When traveling to a new country, it’s easy for things to become lost in translation. This is especially true in Africa, where there are between 1,500 and 2,000 recognized languages. If you want to transcend the language barrier, however, learning to say a few words in the native tongue is a great first step. African societies are typically both polite and respectful, and so being able to say thank you is key when it comes to making new friends and establishing a good rapport with the local people.
          Since most African countries are multilingual, it’s always best to use the country’s official language if you’re unsure about a local dialect. Where there are multiple official languages or an unofficial language that is still widely used, this guide will include these translations as well; however, this list is by no means exhaustive.
          © TripSavvy
          Angola
          Portuguese: Obrigado (Thank you, when speaking to a man)
          Portuguese: Obrigada (When speaking to a woman)
          Botswana
          Setswana: Ke a leboga
          English: Thank you
          Burkina Faso
          French: Merci
          Mossi: Barka
          Dyula: I ni che
          Cameroon
          French: Merci
          English: Thank you
          Cape Verde
          Cape Verde Creole: Obrigadu
          Portuguese: Obrigado (Thank you, when speaking to a man)
          Portuguese: Obrigada (When speaking to a woman)
          Cote d’Ivoire
          French: Merci
          Egypt
          Arabic: Shukran
          Ethiopia
          Amharic: Amesegënallô
          Gabon
          French: Merci
          Fang: Abora
          Ghana
          English: Thank you
          Twi: Me daa si
          Kenya
          Swahili: Asante
          English: Thank you
          Lesotho
          Sesotho: Ke a leboha
          English: Thank you
          Libya
          Arabic: S hukran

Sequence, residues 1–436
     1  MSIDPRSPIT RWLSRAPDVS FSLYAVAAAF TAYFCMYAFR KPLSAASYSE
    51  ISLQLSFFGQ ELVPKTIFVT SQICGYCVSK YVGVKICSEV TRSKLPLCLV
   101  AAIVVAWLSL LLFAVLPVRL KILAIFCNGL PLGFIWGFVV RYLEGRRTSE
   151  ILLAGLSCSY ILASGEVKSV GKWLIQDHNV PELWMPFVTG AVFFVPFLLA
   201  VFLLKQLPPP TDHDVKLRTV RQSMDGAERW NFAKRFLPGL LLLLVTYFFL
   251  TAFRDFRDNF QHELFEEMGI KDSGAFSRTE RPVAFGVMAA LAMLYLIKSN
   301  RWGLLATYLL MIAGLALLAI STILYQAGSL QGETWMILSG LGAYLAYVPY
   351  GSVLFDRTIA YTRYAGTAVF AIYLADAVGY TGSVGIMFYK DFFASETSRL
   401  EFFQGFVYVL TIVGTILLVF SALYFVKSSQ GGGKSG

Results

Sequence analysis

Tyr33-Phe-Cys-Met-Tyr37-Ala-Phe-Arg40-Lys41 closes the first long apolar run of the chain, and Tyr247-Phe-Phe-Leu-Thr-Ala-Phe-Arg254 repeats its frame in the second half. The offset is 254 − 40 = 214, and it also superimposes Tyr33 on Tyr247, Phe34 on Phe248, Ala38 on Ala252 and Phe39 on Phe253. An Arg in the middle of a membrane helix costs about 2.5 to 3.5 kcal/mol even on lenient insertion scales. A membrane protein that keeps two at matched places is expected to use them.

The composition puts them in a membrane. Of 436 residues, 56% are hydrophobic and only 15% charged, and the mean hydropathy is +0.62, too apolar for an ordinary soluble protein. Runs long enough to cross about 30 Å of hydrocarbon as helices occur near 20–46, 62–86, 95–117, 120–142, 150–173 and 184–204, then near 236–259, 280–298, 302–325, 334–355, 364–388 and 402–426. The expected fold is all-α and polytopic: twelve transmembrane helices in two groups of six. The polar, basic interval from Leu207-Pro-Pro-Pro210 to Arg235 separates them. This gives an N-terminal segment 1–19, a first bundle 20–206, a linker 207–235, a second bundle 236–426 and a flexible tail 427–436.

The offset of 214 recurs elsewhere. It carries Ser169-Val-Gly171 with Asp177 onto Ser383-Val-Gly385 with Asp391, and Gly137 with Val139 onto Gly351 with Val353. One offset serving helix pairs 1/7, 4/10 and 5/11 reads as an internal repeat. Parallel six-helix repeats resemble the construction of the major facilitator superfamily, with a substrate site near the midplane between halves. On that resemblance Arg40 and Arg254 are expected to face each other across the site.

Madagascar
          Malagasy: Misaotra
          French: Merci
          Malawi
          Chichewa: Zikomo
          English: Thank you
          Mali
          French: Merci
          Bambara: I ni ce
          Mauritania
          Arabic: Shukran
          Hassaniya: Shukram
          Morocco
          Arabic: Shukran
          French: Merci
          Mozambique
          Portuguese: Obrigado (Thank you, when speaking to a man)
          Portuguese: Obrigada (When speaking to a woman)
          Namibia
          English: Thank you
          Afrikaans: Dankie
          Oshiwambo: Tangi unene
          Nigeria
          English: Thank you
          Hausa: Nagode
          Igbo: Imena
          Yoruba: E se
          Rwanda
          Kinyarwanda: Murakoze
          French: Merci
          English: Thank you
          Senegal
          French: Merci
          Wolof: J erejef
          Sierra Leone
          English: Thank you
          Krio: Tenkey
          South Africa
          Zulu: Ngiyabonga (Thank you to one person)
          Zulu: Siyabonga (Thank you to several people)
          Xhosa: Enkosi
          Afrikaans: Dankie
          English: Thank you
          Sudan
          Arabic: Shukran
          Swaziland
          Swati: Ngiyabonga (Thank you to one person), Siyabonga (Thank you to several people)
          English: Thank you
          Tanzania
          Swahili: Asante
          English: Thank you
          Togo
          French: Merci
          Tunisia
          French: Merci
          Arabic: Shukran
          Uganda
          Luganda: Webale
          Swahili: Asante
          English: Thank you
          Zambia
          English: Thank you
          Bemba: Natotela
          Zimbabwe
          English: Thank you
          Shona: Ndatenda (Thank you to one person), Tatenda (Thank you to several people)
          Ndebele: Ngiyabonga (Thank you to one person), Siyabonga (Thank you to several people

        • #583
          Helpful
          Up
          0
          Down
          Not Helpful

          Kelrits
          Participant
            This reply has been marked as private.

          You must be logged in to reply to this topic.